Nick Clegg plans to pick Danny Alexander over Vince Cable as Lib Dem economy chief

 

Political Editor

Nick Clegg is expected to appoint Danny Alexander rather than Vince Cable as the Liberal Democrats' main economic spokesman at next year's general election.

The move follows a power struggle between Mr Alexander, who has worked closely with George Osborne as his Treasury deputy, and Mr Cable, the Business Secretary, who is closer to Labour than the Conservatives.

Mr Cable was shadow Chancellor in the run-up to the 2010 election. He was described as the "sage of the credit crunch" after predicting the housing market collapse and banking crisis. Some Lib Dem MPs hoped he would return to the key economic post for next year’s campaign.

But in the clearest sign yet that the job will go to his younger rival, Mr Clegg and Mr Alexander have written a joint article setting out the Lib Dems' stance on tax and spending in the 2015-20 parliament.

While they share the Conservatives’ goal of balancing the nation’s books by 2017-18, they accuse the Tories of being “wedded to austerity for austerity’s sake.” They say the Lib Dems have a “profoundly different approach”, rejecting Mr Osborne’s plan for £12bn of further welfare cuts and proposing taxes rises for the very wealthy. In an important change, they want borrowing limits relaxed for investment projects which ensure  economic growth and financial stability – including the building of 300,000 houses a year.

Today, Lib Dem sources said no final decision had been taken yet on who would take on the economic portfolio.

In part, the promotion of Mr Alexander would be seen in part as a reaction to the plot by Mr Cable's friend Lord Oakeshott to oust Mr Clegg after the Lib Dems' poor performance in last month's Euro and local elections.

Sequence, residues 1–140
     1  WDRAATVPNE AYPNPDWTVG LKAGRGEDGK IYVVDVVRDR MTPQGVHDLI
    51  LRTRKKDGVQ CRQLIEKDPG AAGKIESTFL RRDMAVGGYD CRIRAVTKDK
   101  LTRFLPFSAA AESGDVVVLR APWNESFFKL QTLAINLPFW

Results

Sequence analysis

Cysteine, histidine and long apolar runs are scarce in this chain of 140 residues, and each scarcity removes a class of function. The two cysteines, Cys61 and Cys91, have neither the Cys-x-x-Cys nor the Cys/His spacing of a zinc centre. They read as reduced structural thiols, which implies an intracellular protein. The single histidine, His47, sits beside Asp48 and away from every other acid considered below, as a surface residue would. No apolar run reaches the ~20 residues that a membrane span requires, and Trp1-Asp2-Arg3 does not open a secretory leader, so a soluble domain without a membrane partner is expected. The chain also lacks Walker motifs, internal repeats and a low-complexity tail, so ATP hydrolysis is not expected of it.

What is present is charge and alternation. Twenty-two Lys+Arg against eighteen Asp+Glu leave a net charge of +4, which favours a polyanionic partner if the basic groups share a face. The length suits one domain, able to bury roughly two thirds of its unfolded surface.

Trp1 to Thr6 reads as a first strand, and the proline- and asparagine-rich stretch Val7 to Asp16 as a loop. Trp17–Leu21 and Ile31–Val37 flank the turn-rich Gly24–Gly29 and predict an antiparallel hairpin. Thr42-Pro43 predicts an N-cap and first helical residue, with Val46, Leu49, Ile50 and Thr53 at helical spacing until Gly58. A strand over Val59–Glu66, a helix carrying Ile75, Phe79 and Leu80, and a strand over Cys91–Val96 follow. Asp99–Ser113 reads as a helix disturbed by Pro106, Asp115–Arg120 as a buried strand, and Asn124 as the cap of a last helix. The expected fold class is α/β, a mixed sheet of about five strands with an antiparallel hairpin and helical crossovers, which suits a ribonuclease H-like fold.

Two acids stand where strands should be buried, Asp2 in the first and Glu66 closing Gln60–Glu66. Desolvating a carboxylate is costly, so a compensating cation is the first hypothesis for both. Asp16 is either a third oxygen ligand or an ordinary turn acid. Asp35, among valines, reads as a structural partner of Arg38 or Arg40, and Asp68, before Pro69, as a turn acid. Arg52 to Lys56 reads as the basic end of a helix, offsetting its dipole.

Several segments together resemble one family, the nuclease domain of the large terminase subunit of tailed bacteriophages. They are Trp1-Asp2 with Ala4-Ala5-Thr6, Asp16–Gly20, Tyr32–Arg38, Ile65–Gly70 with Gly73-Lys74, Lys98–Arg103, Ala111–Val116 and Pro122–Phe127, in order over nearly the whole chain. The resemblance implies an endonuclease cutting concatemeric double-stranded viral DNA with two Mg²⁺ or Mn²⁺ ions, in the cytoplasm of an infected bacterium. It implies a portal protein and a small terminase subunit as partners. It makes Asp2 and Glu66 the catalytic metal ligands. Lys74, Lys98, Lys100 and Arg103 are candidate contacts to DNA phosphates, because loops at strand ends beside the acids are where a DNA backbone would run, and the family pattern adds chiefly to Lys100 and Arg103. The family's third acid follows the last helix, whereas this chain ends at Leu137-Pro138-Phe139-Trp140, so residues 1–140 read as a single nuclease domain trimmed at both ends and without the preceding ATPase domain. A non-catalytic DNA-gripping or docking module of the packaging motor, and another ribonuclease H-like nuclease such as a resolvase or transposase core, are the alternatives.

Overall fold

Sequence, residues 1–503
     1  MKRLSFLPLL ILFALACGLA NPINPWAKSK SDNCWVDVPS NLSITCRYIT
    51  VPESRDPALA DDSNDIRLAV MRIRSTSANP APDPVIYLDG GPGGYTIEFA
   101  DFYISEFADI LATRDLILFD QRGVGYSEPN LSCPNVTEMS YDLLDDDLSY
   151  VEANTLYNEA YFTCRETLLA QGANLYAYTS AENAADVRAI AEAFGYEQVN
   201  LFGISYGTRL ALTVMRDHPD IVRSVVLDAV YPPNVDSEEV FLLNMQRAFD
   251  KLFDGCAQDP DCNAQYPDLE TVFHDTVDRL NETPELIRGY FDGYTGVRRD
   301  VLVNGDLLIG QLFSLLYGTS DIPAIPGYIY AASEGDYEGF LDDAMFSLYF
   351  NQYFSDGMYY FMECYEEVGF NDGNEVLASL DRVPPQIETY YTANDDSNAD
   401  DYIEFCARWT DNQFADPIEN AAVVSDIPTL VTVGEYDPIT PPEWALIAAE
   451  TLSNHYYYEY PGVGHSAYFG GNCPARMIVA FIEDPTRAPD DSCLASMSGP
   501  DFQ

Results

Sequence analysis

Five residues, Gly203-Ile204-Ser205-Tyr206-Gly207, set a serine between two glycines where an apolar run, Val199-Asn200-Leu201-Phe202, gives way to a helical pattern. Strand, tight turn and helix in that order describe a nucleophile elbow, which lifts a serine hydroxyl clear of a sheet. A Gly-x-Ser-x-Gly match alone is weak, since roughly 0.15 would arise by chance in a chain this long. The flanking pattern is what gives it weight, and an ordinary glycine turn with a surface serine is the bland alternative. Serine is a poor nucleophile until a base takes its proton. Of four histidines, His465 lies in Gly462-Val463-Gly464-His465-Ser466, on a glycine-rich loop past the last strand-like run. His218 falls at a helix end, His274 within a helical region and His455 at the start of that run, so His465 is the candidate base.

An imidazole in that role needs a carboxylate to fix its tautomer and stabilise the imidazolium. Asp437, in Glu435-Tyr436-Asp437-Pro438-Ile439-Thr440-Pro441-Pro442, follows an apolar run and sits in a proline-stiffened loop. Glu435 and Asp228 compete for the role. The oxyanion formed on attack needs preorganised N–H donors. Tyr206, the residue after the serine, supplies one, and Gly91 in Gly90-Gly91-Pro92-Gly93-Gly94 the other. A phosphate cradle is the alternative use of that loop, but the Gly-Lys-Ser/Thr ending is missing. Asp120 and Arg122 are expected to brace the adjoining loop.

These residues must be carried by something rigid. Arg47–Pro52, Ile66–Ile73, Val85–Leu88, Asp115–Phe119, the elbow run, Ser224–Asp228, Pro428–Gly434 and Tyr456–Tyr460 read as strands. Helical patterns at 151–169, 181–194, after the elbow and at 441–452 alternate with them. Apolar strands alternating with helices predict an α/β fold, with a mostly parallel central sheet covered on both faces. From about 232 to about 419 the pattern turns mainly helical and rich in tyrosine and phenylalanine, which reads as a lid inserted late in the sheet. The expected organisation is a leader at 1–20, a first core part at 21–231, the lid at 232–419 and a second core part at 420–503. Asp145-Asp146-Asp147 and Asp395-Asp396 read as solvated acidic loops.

Lord Oakeshott commissioned opinion polls on whether the party would do better with another leader. Mr Cable, the man most likely to take over if Mr Clegg was removed before the general election, distanced himself from the former Lib Dem peer but admitted he knew about some of the polls.

However, there were already signs before the failed coup that Mr Alexander could beat Mr Cable to the economic post. He is closer to Mr Clegg than the independent-minded Mr Cable.

The Business Secretary is said to be relaxed about "labels" and confident he will still play a role on economic affairs in the election campaign. Mr Cable has been calling for months for curbs on mortgage lending to prevent a housing bubble, which Mr Osborne announced on Thursday.

Ironically, Lib Dem MPs believe the new fiscal policy set out in the Clegg-Alexander article marks a significant shift towards Mr Cable's long-standing approach and takes the Lib Dems closer to Labour.

Some grassroots Lib Dems have accused Mr Alexander of “going native” at the Treasury and locking the party into “Osbornomics”. They regard the move away from “the politics of austerity” as a welcome admission that it damaged the Lib Dems at last month’s elections.

“The new fiscal policy is what Vince has been seeking for four years and Danny has been resisting,” said one Lib Dem MP.

Allies of the Deputy Prime Minister recognise Mr Cable’s experience and expertise but have said previously that he sometimes behaves more like an economic commentator than a Cabinet minister. They regard Mr Alexander as a safer pair of hands for the heat of an election. Mr Clegg’s faith in the Treasury Chief Secretary was shown when he put him in charge of planning for post-election period, a crucial role in the event of another hung parliament.

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